If Jupille could stand for heroism, then the nine-year-old Meister offered a story of vulnerability and salvation that had particularly strong potential within the context of French nationalism. Meister was a boy from the lost territory of Alsace, to which the Third Republic's nationalism attached such heavy significance, who spoke French and came to Paris with his mother in search of rescue. The fervently patriotic Pasteur himself felt a strong personal connection to both Alsace and the Franco-Prussian War: he had lived in Strasbourg for several years as a young scientist and had personally recovered his son Jean-Baptiste from the routed French forces outside the town of Pontarlier in January 1871.91 When Pasteur filed for a patent for his beer-making process in June 1871, he even requested that all beverages made using the technique would be labeled as “beers of national revenge.”92 The scientist mourned the loss of Alsace in the decades following the defeat and displayed several examples of art symbolizing the region in his home, including a print of his close friend Jean-Jacques Henner's iconic L'Alsace: Elle attend.93
Little surprise, then, that Pasteur immediately grasped the political possibilities of Meister's situation. On August 22, 1885, he wrote to Louis Liard, the director of higher education: “I am delighted that this new success will be credited to France, and that the first human subject whose rabies was stopped after being bitten will have come from Alsace.”94 The image of the rabies vaccine as an act of national benevolence that issued from the French capital to its provinces would be repeated long after Pasteur's death in schoolbooks such as the 1906 edition of the Tour de France par deux enfants. This celebrated tale followed André and Julien, orphans from France's other amputated province of Lorraine, as they left for France in the wake of the defeat of 1870–71 and educated young readers about the wealth of French traditions and achievements they discovered along the way. In a chapter dedicated to Pasteur's discoveries, André recounted on receiving a photograph of the scientist: “We are happy to have this portrait. Pasteur is particularly venerated in our commune because a local child, bitten horribly by a rabid dog, was healed at the Pasteur Institute in Paris. In the old days such an accident would have been fatal, but never again.”95 Weaving the national into the imperial, the book's narrative segued into the foundation of the Pasteur Institute in Nha Trang with the tagline “France, forever generous, gives to all, selflessly, its beneficence and aid.”96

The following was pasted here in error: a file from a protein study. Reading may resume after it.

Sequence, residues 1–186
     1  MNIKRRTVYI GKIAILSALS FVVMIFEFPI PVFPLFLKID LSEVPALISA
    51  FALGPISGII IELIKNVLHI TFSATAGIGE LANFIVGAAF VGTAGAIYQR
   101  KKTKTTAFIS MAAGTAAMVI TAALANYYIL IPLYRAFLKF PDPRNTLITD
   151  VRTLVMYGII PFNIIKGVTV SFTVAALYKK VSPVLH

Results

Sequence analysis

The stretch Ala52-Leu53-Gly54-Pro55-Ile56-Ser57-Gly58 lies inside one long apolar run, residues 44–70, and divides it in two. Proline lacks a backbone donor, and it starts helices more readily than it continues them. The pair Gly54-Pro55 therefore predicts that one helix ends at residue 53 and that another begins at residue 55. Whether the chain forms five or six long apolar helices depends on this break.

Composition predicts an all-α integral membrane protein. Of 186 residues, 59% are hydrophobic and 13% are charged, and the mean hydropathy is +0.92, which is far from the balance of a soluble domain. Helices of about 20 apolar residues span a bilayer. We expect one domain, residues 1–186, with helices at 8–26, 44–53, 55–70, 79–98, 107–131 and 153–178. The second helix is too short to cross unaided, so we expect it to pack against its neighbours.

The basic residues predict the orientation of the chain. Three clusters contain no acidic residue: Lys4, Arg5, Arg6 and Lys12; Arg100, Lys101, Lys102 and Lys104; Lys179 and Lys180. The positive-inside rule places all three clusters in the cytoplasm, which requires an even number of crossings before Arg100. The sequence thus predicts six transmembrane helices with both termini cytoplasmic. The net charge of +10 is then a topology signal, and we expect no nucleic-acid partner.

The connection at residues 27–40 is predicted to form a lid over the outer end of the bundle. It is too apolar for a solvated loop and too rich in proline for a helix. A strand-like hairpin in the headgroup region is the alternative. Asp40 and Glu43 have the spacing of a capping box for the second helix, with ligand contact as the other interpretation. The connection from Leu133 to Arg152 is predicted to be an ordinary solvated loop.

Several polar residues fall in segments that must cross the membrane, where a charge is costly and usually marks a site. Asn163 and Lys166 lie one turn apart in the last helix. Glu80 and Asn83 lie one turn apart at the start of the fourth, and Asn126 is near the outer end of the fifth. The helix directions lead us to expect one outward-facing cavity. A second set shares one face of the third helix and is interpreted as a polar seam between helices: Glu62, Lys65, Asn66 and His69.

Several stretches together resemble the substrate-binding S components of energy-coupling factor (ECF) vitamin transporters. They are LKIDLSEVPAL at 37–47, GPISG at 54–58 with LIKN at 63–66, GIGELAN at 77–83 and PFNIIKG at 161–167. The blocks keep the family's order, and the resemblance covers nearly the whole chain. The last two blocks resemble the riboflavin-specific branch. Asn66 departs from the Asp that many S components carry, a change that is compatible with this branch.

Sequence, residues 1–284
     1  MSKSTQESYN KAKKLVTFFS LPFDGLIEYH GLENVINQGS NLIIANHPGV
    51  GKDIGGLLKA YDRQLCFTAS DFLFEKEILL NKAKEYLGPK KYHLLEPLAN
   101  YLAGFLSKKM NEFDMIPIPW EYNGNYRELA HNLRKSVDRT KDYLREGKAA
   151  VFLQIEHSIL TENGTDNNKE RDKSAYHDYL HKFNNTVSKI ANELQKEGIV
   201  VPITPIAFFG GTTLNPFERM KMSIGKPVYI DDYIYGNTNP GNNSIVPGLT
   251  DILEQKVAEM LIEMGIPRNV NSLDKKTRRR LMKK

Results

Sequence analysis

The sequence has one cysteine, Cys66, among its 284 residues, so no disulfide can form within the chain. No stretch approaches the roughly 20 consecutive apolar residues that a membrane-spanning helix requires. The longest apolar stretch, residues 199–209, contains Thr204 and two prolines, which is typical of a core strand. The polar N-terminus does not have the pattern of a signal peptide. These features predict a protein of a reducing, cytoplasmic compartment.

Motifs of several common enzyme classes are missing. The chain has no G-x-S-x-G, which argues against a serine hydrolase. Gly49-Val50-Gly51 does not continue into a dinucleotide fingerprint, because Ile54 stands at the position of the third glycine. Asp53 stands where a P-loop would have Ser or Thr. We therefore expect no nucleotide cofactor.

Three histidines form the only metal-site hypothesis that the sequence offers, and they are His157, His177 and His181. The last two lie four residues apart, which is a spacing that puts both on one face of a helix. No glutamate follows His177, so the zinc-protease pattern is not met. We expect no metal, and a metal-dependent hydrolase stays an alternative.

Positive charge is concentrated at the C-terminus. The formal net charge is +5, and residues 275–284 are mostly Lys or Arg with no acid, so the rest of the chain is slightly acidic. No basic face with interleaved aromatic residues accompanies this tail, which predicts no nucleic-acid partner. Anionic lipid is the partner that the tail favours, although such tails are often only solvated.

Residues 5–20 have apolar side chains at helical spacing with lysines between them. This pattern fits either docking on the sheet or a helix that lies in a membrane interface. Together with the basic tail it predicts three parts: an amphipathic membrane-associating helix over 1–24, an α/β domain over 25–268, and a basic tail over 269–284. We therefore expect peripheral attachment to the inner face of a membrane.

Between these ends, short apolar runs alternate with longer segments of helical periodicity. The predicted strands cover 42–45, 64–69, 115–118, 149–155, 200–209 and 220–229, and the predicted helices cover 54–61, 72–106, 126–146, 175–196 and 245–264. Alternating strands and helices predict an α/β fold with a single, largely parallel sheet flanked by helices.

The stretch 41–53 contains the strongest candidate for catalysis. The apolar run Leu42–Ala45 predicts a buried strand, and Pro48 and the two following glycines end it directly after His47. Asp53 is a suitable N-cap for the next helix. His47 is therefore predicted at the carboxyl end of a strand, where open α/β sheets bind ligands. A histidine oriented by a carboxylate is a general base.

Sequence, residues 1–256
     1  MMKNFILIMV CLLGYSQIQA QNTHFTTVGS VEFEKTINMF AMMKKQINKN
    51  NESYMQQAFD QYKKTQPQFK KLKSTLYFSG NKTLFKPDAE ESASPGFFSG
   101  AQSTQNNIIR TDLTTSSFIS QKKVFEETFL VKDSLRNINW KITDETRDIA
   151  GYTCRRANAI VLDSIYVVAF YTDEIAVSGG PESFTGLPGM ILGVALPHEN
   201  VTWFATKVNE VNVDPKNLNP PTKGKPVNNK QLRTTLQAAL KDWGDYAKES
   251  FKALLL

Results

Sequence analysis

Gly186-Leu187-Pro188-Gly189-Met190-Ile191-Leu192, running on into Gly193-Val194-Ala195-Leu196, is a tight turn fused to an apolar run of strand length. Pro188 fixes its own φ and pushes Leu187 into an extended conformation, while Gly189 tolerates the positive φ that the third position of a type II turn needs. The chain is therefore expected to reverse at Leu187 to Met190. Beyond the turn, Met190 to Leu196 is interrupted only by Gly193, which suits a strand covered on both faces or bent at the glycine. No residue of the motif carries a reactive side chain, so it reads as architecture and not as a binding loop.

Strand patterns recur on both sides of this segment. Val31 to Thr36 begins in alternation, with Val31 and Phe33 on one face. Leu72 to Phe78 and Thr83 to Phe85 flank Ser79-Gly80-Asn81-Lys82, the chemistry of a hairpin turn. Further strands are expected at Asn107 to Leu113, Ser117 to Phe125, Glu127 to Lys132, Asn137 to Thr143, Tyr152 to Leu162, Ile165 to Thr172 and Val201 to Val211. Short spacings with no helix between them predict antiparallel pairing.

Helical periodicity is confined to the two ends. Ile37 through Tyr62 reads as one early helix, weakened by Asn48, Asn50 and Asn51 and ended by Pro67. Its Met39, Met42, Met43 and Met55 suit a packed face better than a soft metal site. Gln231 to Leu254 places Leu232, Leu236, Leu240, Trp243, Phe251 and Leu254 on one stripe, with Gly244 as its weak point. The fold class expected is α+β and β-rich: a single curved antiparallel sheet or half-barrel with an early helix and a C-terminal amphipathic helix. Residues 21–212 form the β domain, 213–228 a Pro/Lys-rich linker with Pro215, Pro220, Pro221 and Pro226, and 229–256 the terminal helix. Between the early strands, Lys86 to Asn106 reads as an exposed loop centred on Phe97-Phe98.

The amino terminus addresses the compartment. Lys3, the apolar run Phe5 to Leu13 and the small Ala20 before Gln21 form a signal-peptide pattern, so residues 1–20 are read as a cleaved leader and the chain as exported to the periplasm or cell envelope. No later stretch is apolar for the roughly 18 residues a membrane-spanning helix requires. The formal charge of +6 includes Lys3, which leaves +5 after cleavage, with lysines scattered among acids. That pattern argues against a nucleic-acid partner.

Whereas Jupille's story seems to have found most resonance in the 1880s and 1890s, Meister's cultural prevalence peaked in the interwar period. Tellingly, popular visual representations of the Meister vaccination in the 1920s and after tended to depict Madame Meister in traditional Alsatian dress and headgear to accentuate the family's origins.97 The most prominent text to propagate the Meister and Jupille stories into the new century was Pasteur's son-in-law René Vallery-Radot's La vie de Pasteur, published in 1900, which put a heavy accent on the scientist's selfless devotion to work, affection for children, and deep-felt ethical dilemmas.98 Through his various interpretations of this biography on stage and screen, the dramatist Sacha Guitry brought the Meister story to new audiences. His five-act play Pasteur was first performed at the Théâtre du Vaudeville on January 23, 1919. This brazenly nationalistic postwar biographical production placed Meister's vaccination at the center of the story. Guitry's Pasteur was a patriotic, child-loving genius who, wracked by honorable doubts about the ethics of experimenting on a wounded boy, decided to risk his reputation for the boy's life.99 In keeping with the melodramatic fashion of contemporary boulevard theater, the play pitted an improbably pure figure of Pasteur against his aging scientific enemies and offstage German adversaries.100